While talking over a potential site redesign with a client, the subject turned to blogging. We both agreed that they should have a blog for their site, as it would make perfect sense for their market and they have tons of great content to write about. However, they are convinced they don’t have time for it and wouldn’t be able to be active enough on it. I agreed that having no blog is better than having a dead blog, and I’m glad we made that decision.
However, I’m finding more and more companies that (apparently) don’t have time for social media so they decide to fake it instead. A prime example would be the 18 car dealers that aren’t listening on Twitter. Despite not listening and not actually doing much on Twitter, I’m sure they’re proud of how “hip” there are to be on there.
Another local company that I’ve worked with in the past has nearly 10,000 followers on Twitter, but they were all purchased through shady means (buying Twitter followers isn’t difficult). It’s rather amusing when they pose a question to their 10,000 “followers” and get zero responses. It’s worthless. Much better to have 100 real followers than 10,000 fake ones.
Fake Foursquare Deals
All of that said, what inspired this post was a “deal” that Great Clips offers on Foursquare. Some restaurants offer fun specials on Foursquare (like free chips & salsa every time you check-in at Chili’s), though most businesses don’t. Great Clips decided to try for the best of both worlds by posting a “special” that doesn’t require them to actually give anything away. What is their special? Every time you check-in, you unlock the following special:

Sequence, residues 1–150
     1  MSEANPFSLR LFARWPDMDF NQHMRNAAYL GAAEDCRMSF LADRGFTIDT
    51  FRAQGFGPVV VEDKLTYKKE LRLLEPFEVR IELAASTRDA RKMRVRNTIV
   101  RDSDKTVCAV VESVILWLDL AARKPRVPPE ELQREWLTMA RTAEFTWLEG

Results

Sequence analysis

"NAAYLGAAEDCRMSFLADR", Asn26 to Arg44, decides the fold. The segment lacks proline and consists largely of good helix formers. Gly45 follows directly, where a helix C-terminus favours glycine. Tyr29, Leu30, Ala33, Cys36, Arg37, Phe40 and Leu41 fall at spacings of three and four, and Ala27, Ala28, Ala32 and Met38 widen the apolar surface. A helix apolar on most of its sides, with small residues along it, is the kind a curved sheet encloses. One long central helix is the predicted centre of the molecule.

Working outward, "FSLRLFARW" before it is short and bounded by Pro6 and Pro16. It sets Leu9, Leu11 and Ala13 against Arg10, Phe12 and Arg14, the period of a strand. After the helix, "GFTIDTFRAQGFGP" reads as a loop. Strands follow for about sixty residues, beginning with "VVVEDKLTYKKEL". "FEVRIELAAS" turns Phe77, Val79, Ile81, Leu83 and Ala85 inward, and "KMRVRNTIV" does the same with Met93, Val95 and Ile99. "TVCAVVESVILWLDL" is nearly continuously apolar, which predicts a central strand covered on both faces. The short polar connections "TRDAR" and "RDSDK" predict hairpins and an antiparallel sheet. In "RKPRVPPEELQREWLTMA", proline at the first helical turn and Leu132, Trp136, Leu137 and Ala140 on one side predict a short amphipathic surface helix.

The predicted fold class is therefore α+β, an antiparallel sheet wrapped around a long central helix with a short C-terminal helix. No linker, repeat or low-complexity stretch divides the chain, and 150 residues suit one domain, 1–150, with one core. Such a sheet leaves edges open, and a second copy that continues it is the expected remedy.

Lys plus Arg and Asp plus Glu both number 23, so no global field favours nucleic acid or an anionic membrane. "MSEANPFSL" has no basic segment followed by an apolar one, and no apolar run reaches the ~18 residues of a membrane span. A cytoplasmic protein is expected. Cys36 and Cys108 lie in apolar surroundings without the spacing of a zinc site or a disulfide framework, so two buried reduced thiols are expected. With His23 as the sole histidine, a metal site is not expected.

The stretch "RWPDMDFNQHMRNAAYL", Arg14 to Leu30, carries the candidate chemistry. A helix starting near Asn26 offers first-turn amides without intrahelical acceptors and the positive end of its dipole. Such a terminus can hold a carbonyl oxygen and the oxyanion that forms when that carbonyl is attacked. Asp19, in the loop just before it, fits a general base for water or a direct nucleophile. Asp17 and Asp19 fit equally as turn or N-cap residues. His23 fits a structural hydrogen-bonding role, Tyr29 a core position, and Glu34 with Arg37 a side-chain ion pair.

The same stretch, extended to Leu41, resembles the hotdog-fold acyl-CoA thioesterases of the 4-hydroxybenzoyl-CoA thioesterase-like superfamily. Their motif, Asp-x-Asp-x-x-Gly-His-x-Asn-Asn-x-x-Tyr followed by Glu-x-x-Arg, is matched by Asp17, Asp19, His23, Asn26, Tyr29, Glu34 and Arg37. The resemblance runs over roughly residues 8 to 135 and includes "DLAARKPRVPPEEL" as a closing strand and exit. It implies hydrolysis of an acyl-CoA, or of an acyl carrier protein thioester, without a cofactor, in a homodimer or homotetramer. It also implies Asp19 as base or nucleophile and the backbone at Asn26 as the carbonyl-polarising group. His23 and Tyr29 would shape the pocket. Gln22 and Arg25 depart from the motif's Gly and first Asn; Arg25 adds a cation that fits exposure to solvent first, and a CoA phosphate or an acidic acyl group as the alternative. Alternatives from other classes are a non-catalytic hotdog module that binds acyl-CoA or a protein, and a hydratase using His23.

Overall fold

Visit greatclips.com/foursquare and register to win FREE haircuts for a year! (link)
What? That’s awful! Every other deal I’ve seen has been legit — free chips, free drink, etc. This doesn’t have anything to do with you visiting their location; they just want the orange button next to their listings. This seems to have been a corporate decision, because every Great Clips on Foursquare is running the same “deal”. When questioned about it, the very personal “Customer Service” gave me a very carefully crafted generic response:
Thank you for your feedback. We will foward your comments on to the approrpiate people. Customer feedback is important to Great Clips as we diligently work to keep our promise of serving our customers with the highest level of quality. We apologize for any inconvenience that you were caused.
One last funny bit was the closing of their email. First they say “sincerely” (meaning genuine, earnest, real) and then don’t even put their name. At least write “Sincerely, Jill” or “Sincerely, Bob”. At no point in the various interactions I had with them did they do anything to try to seem human. Such a shame.
Social means social
Never forget the “social” in social media. If you’re trying to fake it, or figure out a way to automate it like you did your radio commercials for years, you’re in the wrong game. Be human, get to know your customers, and it’ll take you a long way.